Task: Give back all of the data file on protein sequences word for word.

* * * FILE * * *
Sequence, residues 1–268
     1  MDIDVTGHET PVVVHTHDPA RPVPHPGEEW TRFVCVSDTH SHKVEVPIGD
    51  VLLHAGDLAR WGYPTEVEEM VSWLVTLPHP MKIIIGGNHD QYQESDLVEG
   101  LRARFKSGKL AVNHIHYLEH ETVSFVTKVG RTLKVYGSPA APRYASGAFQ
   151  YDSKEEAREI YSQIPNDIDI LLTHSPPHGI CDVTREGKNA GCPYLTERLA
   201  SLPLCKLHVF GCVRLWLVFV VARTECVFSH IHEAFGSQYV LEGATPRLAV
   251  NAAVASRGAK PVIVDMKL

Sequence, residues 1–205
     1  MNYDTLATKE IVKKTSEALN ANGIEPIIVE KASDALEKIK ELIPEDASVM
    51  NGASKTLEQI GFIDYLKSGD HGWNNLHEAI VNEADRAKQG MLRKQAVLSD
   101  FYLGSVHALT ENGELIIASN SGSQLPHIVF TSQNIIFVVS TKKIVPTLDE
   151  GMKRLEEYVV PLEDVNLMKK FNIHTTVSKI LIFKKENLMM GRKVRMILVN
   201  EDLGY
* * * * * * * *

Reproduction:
Sequence, residues 1–268
     1  MDIDVTGHET PVVVHTHDPA RPVPHPGEEW TRFVCVSDTH SHKVEVPIGD
    51  VLLHAGDLAR WGYPTEVEEM VSWLVTLPHP MKIIIGGNHD QYQESDLVEG
   101  LRARFKSGKL AVNHIHYLEH ETVSFVTKVG RTLKVYGSPA APRYASGAFQ
   151  YDSKEEAREI YSQIPNDIDI LLTHSPPHGI CDVTREGKNA GCPYLTERLA
   201  SLPLCKLHVF GCVRLWLVFV VARTECVFSH IHEAFGSQYV LEGATPRLAV
   251  NAAVASRGAK PVIVDMKL

Sequence, residues 1–205
     1  MNYDTLATKE IVKKTSEALN ANGIEPIIVE KASDALEKIK ELIPEDASVM
    51  NGASKTLEQI GFIDYLKSGD HGWNNLHEAI VNEADRAKQG MLRKQAVLSD
   101  FYLGSVHALT ENGELIIASN SGSQLPHIVF TSQNIIFVVS TKKIVPTLDE
   151  GMKRLEEYVV PLEDVNLMKK FNIHTTVSKI LIFKKENLMM GRKVRMILVN
   201  EDLGY